One of our favourites: “Friday afternoon is reserved for one question only: ‘Doing anything nice this weekend?'”
Michael Kerr, an international business speaker and author of “You Can’t Be Serious! Putting Humour to Work,” agrees with this rule.
“Yes, I do think we should avoid asking most work-related questions on a Friday afternoon. And we absolutely should steer well away from asking weighty questions on a Friday afternoon!” he says.
Well, there’s a good chance your colleagues are trying to clear things off their proverbial plate and wind down from work mode during this time, “so being asked a heavy question is like getting a call from a telemarketer just as you sit down to dinner…or it’s like getting bad news as you head out the door for your vacation,” Kerr explains.
“In fact, I’ve known colleagues who have confided to me that they take a circuitous route out of the office every Friday afternoon so they don’t encounter certain people who threaten to put a crimp in their weekend mood,” he says.
Plus, if you ask your boss or a colleague an important question, for feedback, or for help getting started on a new project before they head out for the weekend — or if you ask them to make a big decision — you probably won’t get the most well thought out response or their best work.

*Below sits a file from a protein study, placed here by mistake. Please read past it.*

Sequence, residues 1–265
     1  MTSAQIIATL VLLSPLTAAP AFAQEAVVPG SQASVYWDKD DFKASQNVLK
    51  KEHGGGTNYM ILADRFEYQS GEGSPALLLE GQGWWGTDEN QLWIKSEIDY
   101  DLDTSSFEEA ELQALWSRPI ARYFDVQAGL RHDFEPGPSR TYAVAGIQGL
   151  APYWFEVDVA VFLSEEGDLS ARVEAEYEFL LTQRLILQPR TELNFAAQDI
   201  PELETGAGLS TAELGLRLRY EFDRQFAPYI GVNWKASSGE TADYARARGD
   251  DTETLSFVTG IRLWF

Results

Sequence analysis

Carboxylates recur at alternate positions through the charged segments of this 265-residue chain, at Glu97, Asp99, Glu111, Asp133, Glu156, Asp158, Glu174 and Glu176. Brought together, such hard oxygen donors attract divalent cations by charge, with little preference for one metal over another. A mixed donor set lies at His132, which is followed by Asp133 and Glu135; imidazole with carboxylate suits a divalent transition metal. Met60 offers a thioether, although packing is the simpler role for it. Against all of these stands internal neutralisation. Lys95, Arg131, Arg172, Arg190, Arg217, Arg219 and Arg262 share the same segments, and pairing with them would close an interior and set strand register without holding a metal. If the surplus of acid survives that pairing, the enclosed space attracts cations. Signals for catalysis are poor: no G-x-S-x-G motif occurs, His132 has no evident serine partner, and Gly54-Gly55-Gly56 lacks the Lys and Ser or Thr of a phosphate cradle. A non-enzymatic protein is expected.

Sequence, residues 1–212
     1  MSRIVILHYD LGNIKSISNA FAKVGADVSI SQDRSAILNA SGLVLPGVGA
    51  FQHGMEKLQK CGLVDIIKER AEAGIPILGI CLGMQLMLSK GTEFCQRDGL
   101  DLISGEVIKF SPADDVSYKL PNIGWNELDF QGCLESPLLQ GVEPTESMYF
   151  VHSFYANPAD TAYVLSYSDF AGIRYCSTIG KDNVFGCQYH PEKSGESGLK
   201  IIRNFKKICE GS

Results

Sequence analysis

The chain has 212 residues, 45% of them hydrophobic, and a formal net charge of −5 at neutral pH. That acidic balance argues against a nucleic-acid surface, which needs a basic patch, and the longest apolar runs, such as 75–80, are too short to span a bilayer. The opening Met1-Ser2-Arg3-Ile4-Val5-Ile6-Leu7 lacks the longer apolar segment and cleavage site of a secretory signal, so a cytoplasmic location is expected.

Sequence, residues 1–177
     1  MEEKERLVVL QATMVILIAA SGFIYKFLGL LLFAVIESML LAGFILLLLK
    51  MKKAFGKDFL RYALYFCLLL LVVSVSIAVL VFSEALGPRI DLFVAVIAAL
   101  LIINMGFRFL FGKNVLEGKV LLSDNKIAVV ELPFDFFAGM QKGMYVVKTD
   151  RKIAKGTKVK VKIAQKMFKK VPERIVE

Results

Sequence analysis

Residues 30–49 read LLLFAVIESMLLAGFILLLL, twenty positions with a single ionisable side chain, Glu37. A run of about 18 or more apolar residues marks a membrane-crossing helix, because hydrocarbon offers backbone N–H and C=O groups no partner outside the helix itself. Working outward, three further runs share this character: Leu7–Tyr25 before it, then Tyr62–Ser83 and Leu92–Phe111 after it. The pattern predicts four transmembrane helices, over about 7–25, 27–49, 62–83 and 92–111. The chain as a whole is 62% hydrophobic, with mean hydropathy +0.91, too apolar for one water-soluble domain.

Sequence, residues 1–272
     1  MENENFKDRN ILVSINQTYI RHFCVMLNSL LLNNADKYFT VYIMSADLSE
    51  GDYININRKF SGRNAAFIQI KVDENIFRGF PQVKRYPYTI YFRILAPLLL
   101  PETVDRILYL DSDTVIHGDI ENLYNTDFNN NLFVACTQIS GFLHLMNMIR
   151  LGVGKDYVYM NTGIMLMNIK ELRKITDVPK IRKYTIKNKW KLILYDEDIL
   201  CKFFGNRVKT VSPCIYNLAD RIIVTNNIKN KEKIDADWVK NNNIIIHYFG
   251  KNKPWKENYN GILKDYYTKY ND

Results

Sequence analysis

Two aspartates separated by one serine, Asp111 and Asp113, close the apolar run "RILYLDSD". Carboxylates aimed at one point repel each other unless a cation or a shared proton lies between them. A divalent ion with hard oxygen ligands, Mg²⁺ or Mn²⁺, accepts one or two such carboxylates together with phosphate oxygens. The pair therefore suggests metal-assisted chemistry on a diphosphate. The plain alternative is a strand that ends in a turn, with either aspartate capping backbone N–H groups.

“If people haven’t fully checked out mentally by 4 or 5 p.m. on a Friday, then at the very least their bags are packed and they’re ready to,” Kerr explains. “People simply aren’t as focused or as prepared to receive unsolicited queries.”
Even if it’s something that they won’t have to attend to or think about until the following week, dumping something on your boss, coworker, or subordinate on a Friday afternoon will send them into the weekend feeling like they haven’t tied all loose ends. “No matter how innocent, most employees will feel some subtle pressure to, at the very least, think about it over the weekend, if not bring the work home with them. The weekend should be everyone’s time to clear their minds and recharge their batteries; not worry about work.”
Asking anyone in the office anything but, “Doing anything nice this weekend?” won’t just tick them off or yield a lazy answer, it will also reflect poorly you, “because it can make you look like you’ve poorly managed your time by leaving it for the last possible moment.”
Obviously there are exceptions to this rule — for instance, if your request or question is urgent and you can’t wait until Monday for a response. But, in most cases, it can.
Here’s the full infographic from London & Zurich:
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